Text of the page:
If you want something aero-ish, use DT oval spokes but for a robust wheel, use 14/15 spokes and brass nipples(for all non eyeled rims, IMO). $2.50 spokes, and the slight 'aero-ness' isn't going to make much difference on this wheel.
 
Dec 30, 2007
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sideshow_bob said:
I've got training track wheels laced 20/20 with CX Rays, and have never had a problem on them in 2 seasons of training.

I've got about 5 other sets of wheels in varying rim and spoke count configurations with DT Aerolites. This includes 20 hole, 24 hole and a 28 hole rear.

I've broken 1 spoke in the past 2 years (that didn't include someone elses bike parts ending up in the spokes that is). It was on the 28 hole rear, which was a Crostini 1.2, 400g rear rim / 1350g set of wheels. For the record that rim actually after about 15,000km and a lot of racing on really **** chip seal roads, just failed with a small 1cm crack on one of the eyelets.

My weight sits between 74kg at peak road racing weight up to about 78kg when it's track season.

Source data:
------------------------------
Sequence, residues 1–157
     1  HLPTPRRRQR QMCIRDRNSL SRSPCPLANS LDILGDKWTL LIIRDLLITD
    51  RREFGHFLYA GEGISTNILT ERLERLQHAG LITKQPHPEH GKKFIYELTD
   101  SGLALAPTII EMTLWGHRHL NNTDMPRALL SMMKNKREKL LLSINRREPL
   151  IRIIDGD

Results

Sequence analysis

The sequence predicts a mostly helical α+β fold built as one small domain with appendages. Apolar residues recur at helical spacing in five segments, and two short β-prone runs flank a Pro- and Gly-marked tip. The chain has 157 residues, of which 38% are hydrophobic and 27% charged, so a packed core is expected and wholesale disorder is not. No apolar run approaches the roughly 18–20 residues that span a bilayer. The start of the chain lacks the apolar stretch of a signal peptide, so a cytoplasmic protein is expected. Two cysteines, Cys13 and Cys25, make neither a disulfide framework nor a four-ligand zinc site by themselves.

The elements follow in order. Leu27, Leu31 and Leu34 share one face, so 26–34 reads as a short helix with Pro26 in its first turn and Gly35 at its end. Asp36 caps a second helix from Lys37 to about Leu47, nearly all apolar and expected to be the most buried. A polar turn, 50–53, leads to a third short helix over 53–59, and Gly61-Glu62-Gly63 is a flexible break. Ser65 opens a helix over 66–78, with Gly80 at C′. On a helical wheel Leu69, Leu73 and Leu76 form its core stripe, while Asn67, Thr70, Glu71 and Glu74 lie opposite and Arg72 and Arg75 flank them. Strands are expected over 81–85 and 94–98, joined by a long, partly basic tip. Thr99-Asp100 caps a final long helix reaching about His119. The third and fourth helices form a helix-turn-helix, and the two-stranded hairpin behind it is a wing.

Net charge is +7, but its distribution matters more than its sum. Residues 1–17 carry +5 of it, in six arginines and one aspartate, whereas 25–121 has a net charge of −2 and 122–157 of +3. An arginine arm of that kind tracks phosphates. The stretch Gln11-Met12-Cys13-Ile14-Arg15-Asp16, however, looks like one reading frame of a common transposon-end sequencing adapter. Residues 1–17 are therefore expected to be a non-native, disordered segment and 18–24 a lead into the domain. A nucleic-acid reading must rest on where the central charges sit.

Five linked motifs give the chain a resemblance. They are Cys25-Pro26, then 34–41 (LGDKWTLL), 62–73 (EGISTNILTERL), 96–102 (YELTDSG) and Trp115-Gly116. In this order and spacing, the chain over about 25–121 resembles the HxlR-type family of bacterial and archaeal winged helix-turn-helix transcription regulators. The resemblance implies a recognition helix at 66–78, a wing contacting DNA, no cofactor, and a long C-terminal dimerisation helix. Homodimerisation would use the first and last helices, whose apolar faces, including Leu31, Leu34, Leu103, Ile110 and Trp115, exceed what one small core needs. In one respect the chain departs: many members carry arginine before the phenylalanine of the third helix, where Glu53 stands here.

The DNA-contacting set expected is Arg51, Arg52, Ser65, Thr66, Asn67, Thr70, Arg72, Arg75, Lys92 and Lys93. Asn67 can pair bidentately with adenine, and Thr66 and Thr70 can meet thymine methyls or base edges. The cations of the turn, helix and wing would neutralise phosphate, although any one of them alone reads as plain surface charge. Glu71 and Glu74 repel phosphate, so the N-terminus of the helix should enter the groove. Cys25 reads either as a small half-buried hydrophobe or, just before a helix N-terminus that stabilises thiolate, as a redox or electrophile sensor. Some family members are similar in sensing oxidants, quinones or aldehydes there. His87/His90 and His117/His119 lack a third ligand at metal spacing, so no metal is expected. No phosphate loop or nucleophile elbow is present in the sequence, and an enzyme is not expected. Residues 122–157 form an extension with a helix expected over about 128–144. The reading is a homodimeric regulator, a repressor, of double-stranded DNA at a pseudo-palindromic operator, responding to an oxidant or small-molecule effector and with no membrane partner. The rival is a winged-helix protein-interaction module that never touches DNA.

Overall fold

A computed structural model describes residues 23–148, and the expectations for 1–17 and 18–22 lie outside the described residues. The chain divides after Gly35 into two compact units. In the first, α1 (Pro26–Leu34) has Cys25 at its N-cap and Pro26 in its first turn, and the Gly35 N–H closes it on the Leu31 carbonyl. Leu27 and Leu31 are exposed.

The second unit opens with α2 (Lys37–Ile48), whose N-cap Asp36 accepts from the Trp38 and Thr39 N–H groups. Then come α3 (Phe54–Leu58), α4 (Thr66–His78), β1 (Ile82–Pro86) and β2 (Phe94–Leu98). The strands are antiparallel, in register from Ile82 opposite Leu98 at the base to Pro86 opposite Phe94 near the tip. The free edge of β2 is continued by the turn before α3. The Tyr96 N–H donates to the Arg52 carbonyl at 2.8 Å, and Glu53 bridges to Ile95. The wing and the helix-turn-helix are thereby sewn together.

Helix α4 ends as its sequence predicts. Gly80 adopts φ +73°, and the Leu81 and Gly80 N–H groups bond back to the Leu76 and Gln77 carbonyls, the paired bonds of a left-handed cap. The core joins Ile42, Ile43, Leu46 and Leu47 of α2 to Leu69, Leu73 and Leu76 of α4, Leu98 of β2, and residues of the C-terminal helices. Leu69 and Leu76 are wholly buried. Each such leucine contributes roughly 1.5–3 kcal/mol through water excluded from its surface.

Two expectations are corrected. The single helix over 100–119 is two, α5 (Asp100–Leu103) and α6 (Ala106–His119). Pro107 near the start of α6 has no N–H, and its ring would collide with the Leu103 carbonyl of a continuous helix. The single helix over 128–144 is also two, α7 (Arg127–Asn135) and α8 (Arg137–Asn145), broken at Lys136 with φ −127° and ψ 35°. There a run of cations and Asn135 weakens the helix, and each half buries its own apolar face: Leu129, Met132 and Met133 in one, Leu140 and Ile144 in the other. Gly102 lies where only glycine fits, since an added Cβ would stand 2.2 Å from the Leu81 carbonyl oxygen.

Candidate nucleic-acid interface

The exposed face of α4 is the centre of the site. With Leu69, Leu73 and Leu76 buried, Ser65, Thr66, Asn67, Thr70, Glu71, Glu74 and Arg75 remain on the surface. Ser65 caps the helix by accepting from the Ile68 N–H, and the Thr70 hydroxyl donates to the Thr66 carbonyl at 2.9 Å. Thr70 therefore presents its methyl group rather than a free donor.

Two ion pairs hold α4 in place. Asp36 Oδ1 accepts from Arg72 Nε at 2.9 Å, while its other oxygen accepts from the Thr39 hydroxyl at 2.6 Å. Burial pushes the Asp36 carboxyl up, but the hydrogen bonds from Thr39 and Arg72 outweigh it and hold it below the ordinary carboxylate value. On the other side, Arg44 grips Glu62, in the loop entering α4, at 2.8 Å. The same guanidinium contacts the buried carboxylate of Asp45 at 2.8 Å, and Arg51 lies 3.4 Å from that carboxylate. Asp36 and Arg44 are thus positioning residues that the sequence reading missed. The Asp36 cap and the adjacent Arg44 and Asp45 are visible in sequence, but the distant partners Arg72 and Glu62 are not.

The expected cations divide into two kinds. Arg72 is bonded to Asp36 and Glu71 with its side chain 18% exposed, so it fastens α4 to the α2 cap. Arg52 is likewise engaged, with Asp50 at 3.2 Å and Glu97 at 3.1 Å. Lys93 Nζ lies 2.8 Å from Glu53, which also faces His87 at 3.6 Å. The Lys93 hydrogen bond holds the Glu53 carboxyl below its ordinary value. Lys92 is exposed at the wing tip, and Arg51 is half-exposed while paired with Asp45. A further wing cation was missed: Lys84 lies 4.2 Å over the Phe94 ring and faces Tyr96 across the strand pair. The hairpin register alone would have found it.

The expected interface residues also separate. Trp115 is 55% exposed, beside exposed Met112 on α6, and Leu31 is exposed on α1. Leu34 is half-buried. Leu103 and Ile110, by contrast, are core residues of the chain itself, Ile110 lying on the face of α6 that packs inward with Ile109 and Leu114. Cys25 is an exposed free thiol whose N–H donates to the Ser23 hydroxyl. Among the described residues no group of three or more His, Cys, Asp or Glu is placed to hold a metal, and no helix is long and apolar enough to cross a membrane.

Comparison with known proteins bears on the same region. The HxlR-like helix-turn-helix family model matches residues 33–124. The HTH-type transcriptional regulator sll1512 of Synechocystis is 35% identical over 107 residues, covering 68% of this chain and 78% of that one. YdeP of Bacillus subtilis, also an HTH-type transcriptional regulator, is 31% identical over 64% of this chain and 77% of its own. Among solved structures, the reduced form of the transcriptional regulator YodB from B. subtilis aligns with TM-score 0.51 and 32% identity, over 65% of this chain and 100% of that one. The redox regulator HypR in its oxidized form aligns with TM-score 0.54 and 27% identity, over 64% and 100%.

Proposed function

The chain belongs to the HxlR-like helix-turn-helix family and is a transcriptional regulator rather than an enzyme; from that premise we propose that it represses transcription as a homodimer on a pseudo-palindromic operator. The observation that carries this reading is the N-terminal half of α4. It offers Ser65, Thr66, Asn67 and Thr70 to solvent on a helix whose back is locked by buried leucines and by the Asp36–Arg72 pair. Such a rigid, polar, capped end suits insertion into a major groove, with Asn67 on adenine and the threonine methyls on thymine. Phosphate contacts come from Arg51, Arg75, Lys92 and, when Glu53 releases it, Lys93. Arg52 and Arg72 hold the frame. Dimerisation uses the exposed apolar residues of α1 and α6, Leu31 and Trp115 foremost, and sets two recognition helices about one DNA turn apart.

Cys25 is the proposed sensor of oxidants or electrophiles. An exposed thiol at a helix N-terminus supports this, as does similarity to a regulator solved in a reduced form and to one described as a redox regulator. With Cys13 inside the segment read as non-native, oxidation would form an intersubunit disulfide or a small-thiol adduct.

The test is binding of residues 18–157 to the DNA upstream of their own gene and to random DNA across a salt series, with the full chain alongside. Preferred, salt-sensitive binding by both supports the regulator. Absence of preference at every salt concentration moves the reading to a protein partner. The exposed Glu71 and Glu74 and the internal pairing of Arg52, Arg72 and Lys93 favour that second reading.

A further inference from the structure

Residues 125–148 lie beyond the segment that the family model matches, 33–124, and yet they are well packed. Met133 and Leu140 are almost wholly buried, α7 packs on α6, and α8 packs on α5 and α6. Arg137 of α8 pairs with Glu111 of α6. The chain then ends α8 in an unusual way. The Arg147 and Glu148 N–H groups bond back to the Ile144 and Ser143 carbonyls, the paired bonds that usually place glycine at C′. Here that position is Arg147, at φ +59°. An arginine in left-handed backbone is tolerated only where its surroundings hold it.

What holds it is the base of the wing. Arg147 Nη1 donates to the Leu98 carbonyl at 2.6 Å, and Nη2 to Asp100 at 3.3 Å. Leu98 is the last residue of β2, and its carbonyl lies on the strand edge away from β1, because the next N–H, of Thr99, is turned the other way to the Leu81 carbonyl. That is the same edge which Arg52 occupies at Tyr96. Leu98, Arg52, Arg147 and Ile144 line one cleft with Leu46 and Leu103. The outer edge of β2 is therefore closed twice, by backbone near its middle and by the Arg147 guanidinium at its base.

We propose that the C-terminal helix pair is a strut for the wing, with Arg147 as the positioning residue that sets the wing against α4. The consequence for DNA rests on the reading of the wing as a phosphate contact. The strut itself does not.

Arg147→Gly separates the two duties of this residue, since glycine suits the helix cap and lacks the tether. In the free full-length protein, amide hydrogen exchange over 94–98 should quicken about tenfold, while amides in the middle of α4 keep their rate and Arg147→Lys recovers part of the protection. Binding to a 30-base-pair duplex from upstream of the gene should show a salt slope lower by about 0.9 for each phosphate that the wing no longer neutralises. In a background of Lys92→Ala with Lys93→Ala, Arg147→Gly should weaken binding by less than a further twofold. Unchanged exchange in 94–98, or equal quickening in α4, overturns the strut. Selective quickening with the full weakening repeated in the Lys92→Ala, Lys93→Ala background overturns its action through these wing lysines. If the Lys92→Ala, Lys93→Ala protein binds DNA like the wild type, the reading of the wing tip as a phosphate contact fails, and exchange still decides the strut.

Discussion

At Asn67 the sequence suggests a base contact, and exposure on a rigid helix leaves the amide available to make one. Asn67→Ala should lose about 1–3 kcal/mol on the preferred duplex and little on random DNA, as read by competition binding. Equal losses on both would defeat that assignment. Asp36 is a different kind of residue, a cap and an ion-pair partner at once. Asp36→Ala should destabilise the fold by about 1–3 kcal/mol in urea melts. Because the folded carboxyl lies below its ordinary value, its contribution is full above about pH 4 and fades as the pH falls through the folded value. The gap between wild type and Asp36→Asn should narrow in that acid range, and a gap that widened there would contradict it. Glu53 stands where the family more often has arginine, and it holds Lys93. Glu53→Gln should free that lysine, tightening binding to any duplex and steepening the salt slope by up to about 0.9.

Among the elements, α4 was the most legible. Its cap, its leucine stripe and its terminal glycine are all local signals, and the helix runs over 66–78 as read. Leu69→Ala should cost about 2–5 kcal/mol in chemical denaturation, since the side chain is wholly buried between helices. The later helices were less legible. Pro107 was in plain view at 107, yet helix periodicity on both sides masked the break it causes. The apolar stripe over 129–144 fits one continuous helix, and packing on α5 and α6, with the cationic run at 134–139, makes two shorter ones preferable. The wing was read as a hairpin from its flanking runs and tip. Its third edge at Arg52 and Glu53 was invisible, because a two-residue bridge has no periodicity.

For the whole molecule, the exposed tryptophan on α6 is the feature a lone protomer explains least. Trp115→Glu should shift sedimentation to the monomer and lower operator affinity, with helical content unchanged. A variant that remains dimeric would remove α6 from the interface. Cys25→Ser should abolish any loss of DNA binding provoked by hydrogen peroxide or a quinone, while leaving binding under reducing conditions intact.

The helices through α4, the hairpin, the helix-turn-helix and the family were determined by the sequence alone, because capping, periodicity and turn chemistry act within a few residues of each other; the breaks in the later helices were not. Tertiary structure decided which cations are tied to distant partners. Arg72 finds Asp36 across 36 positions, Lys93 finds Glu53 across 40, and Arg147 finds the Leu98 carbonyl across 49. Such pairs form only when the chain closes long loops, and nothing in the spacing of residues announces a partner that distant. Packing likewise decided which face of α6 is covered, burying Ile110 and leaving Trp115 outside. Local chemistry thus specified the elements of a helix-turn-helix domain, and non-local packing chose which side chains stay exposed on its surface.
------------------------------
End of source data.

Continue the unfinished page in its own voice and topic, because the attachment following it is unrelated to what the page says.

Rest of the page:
So I'd say either spoke is generally pretty fine in rear wheel builds.

For a bike shop that builds wheels(about 450 per year) and stands behind them absolutely, we don't build rears with thin spokes unless the rider is light, lighter than 78kg(171 pounds in old money). If you wish to spend the $, and have a less reliable wheel built, to save 250 or so grams, go ahead but when we see light riders kill things all the time, we aren't going to risk our pretty good wheelbuilding rep on a poorly designed wheel.

If your wheels are working for you, great, but an additional $140+ for these or other thin oval spokes is not money well spent, but it's your $...

Just my opinion and also the opinion of others that don't like to go out on a limb to save a couple of hundred grams on a wheel and perhaps strand somebody.
 

alienator

Well-Known Member
Jun 10, 2004
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For a bike shop that builds wheels(about 450 per year) and stands behind them absolutely, we don't build rears with thin spokes unless the rider is light, lighter than 78kg(171 pounds in old money). If you wish to spend the $, and have a less reliable wheel built, to save 250 or so grams, go ahead but when we see light riders kill things all the time, we aren't going to risk our pretty good wheelbuilding rep on a poorly designed wheel.